The key to the UN’s survival has been one thing: Guilt tripping the United States. Suggesting that if the US failed to fund the UN it would lead to war and devastation through out the globe. Financially the UN cannot survive without American largesse. Diplomatically it exists at the sufferance of the American government, occupying prime Manhattan real estate in defiance of economics and common sense. Had they put the General Assembly building in Newark perhaps the foreign diplomats would have all gone home by now.

Richard Anderson, “The Greatest Waste of Money On Earth”, The Gods of the Copybook Headings, 2015-09-29.

September 4, 2017

How to Pronounce UK Place Names – Anglophenia Ep 23

Filed under: Britain, Humour, USA — Tags: — Nicholas @ 02:00

Published on 21 Jan 2015

Anglophenia’s Siobhan Thompson teaches Science Friction’s Rusty Ward — and the rest of America — how to pronounce difficult British place names.

Learn how to pronounce even more British place names here: http://www.bbcamerica.com/anglophenia/2014/01/pronounce-deliberately-offputting-british-place-names/

Visit the Anglophenia blog: http://www.bbcamerica.com/anglophenia

August 24, 2017

The Story of Western Philosophy

Filed under: Education, Europe, History, Humour — Tags: , , — Nicholas @ 02:00

Published on 26 May 2017

Relevant mystery link: https://youtu.be/myc7eHGg5y4
If you notice any factual errors in this week’s video, please just bear in mind that life is ultimately meaningless in the first place.

August 23, 2017

Playing with fire – James May Q&A Extras (Ep36) – Head Squeeze

Filed under: Humour, Science, Technology — Tags: , , — Nicholas @ 02:00

Published on 30 Aug 2013

James May reminisces about his misspent youth playing with matches and debates the merits of using foam to put out flames from petrol.

QotD: “Beer”

Filed under: Humour, Quotations, USA — Tags: — Nicholas @ 01:00

“Lager” is an inherently ambiguous word these days. It can mean “wonderful, full-bodied, malty, highly hopped beer aged for weeks,” or it can mean “soap-flavored water for pussies who are frightened by actual beer.” In other words “American beer.”

“Steve H.” Little Tiny Lies, 2004-09-30. Originally posted on the old blog 2004-10-01 (no longer online).

August 21, 2017

Solar Eclipse: Republicans, Democrats, & Libertarians React!

Filed under: Humour, Politics, USA — Tags: , , — Nicholas @ 03:00

Published on 20 Aug 2017

How are Republicans and Democrats, conservatives and liberals, reacting to tomorrow’s solar eclipse?

With the mixture of denial and panic that they bring to virtually every issue, from regulations to crime to climate change.

Fortunately, there is a third way, one grounded in rational debate, respect for the limits and power of science, and sound policy.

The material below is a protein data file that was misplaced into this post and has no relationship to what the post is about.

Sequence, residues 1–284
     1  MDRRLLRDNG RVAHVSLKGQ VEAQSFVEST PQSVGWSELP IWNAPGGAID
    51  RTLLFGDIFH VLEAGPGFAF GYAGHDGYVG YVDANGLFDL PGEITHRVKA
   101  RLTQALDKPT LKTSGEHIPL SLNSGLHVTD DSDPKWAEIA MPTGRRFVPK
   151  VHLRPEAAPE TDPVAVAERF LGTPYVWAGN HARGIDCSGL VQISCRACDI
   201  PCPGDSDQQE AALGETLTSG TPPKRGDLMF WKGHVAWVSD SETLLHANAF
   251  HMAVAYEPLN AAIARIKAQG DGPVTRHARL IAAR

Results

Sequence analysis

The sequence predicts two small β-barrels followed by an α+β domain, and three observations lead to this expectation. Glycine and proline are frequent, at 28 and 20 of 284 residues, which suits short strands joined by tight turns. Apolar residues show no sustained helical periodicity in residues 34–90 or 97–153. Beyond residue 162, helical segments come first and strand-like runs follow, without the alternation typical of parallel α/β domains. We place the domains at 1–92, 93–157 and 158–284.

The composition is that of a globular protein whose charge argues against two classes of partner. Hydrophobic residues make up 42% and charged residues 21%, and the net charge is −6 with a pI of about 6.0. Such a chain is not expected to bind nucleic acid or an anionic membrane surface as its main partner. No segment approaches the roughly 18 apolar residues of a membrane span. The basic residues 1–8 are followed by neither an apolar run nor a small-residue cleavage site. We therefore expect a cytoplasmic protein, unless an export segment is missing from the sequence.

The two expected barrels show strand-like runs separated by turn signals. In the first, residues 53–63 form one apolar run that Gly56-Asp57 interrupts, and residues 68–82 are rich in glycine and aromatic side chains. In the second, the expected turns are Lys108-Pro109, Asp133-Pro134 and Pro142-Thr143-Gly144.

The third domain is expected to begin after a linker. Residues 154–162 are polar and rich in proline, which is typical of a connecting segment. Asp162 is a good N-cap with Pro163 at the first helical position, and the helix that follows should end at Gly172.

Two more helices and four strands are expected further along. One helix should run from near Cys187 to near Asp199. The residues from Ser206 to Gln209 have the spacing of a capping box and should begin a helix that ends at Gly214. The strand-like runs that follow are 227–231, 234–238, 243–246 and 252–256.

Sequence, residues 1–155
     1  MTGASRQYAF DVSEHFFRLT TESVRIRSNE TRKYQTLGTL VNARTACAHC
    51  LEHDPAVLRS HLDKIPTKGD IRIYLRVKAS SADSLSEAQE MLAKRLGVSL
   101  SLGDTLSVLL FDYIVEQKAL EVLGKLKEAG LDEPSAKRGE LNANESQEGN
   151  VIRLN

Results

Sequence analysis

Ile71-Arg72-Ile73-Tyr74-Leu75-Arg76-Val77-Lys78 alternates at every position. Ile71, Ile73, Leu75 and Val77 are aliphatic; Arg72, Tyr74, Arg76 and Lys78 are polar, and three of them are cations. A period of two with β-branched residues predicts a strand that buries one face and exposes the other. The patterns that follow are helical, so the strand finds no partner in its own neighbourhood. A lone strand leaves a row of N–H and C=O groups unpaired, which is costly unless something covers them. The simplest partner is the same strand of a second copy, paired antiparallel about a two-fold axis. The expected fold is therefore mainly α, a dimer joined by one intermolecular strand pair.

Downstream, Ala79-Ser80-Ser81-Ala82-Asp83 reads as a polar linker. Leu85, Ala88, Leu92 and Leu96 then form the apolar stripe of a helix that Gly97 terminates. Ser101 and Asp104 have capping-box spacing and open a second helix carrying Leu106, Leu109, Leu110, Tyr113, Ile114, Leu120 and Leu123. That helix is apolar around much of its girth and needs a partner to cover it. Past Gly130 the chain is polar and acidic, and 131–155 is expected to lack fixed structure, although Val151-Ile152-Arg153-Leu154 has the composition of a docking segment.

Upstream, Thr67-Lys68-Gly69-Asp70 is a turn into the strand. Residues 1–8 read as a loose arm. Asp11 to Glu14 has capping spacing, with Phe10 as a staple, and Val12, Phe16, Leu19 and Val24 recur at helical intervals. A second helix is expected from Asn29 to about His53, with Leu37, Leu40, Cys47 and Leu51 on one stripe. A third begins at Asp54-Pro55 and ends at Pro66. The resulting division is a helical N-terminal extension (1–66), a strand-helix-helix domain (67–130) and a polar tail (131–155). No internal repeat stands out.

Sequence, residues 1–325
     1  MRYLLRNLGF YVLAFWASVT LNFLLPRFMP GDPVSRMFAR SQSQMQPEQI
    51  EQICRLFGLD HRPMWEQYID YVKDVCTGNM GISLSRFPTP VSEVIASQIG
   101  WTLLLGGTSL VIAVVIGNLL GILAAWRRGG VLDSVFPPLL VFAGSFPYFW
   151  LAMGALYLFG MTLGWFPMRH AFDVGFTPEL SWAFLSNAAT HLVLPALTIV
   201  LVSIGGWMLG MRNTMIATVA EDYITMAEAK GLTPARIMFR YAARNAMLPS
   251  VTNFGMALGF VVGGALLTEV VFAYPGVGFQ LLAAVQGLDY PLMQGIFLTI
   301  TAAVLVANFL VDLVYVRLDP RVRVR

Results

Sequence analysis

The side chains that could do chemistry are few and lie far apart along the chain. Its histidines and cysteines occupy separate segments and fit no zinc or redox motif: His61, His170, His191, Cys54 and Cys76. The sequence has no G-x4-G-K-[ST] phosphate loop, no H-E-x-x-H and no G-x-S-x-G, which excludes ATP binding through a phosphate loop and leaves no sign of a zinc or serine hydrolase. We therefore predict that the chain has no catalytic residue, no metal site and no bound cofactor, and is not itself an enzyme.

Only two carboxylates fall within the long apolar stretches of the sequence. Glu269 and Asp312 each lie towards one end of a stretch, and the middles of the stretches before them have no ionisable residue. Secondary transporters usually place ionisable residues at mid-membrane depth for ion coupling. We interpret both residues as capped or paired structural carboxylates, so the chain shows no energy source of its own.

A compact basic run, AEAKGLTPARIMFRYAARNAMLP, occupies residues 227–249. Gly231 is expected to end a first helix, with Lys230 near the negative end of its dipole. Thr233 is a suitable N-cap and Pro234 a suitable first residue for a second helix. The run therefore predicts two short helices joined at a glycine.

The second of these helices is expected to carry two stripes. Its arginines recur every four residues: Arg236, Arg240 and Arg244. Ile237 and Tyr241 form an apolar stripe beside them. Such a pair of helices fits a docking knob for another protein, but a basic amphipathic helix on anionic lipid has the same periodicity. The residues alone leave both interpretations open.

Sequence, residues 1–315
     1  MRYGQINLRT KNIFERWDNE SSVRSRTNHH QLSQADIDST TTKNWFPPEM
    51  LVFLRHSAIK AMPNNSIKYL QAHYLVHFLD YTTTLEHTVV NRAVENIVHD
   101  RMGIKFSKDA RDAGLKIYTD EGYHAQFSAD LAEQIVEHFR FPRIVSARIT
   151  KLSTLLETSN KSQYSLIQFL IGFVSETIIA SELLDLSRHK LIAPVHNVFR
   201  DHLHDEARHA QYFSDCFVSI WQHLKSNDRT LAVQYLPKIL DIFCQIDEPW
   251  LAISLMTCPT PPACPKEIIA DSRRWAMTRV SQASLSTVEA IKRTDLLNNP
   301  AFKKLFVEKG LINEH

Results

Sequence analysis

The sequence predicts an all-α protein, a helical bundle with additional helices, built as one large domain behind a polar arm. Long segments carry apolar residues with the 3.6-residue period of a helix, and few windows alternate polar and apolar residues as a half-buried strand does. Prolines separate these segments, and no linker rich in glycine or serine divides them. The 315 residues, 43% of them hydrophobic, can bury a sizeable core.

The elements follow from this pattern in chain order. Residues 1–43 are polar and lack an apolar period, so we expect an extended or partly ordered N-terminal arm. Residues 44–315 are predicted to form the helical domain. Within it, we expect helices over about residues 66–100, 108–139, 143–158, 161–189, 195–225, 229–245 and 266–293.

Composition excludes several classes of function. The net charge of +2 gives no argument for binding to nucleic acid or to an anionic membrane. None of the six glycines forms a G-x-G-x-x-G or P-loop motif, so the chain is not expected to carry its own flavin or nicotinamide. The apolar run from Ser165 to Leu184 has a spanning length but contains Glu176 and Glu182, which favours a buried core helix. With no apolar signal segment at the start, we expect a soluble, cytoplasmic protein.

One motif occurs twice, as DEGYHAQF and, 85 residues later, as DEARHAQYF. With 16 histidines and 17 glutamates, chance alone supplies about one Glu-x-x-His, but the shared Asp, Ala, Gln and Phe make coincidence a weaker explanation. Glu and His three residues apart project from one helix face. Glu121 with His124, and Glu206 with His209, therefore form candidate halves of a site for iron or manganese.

For links and info, go to https://reason.com/reasontv/2017/08/20/solar-eclipse-denialism-and-alarmism

Script and editing by Sarah Rose Siskind.

Starring Andrew Heaton, Sarah Rose Siskind, and Jim Epstein.

Produced by Andrew Heaton and Sarah Rose Siskind.

August 20, 2017

QotD: The rich

Filed under: Humour, Politics, Quotations, USA — Tags: , , , , — Nicholas @ 01:00

During his visit to the U.S., the pope will probably talk about income inequality, and many reporters will nod approvingly, write down the quotes, and then hand them off to the unpaid intern to be transcribed. It’s a big issue. An important one. In the view of many progressives, the ultra-super-rich extracted all their money from the poor. Think of Bill Gates in a homeless shelter, kicking over cots at 2 a.m. and blackjacking transients, demanding they fork over $49.99 for a Windows 95 license, and you get the idea. The ultra-rich have probably pooled their money to develop space-based matter-dematerialization beams just so they can transport the coins from the “have a penny, take a penny” trays at the gas station.

The “rich” are never people like the Clintons, who acquired their wealth by the sweat of their brows, toiling in the harsh icy policy-mines of Davos. They’re not the guys who make a bundle off some clever bit of tech, sell the company, then pledge to spend a fraction of their fortune on outfitting polar bears with inflatable vests to help them survive their imminent inundation in the boiling waters of the Arctic. They’re not people like John Kerry, who married his way into a pile of money derived from a ubiquitous condiment; they’re not people like Apple CEO Tim Cook, because c’mon, he’s gay. They’re not the Kennedys, because the Kennedys could strike oil on their Hyannis Port compound, pay African orphans a dollar a day to work the pumps by hand, build a pipeline that ran through a protected Monarch-butterfly preserve, and the media would still hang halos over their heads because JFK was martyred in Dallas by a free-floating toxic cloud of right-wing hatred that inhabited the brain of a well-meaning Marxist.

These are rich people, but they’re good rich people, because you can imagine any one of them writing a check to Planned Parenthood with the words “keep up the excellent mammograms” in the memo line.

No, the bad rich people are hedge-fund managers, people who inherited something, and well-paid CEOs of companies that make things we don’t like or resent having to pay too much to get. They need to be taxed good and hard, according to advocates of the confiscatory state such as the nimbus-haired Bernie Sanders. Nothing says “the future and its bright new ideas” like the image of a liver-spotted limb thrusting deep into someone else’s pocket and pulling out the guts of a golden goose. Sanders’s proposals were estimated to cost $18 trillion over ten years, an amusing projection — apparently after a decade the economy just seizes up and we’re reduced to paying for our bread with chickens or bits of ironmongery.

James Lileks, “It’s Time to Fix America’s Income-Inequality Crisis Once and for All!”, National Review, 2015-09-24.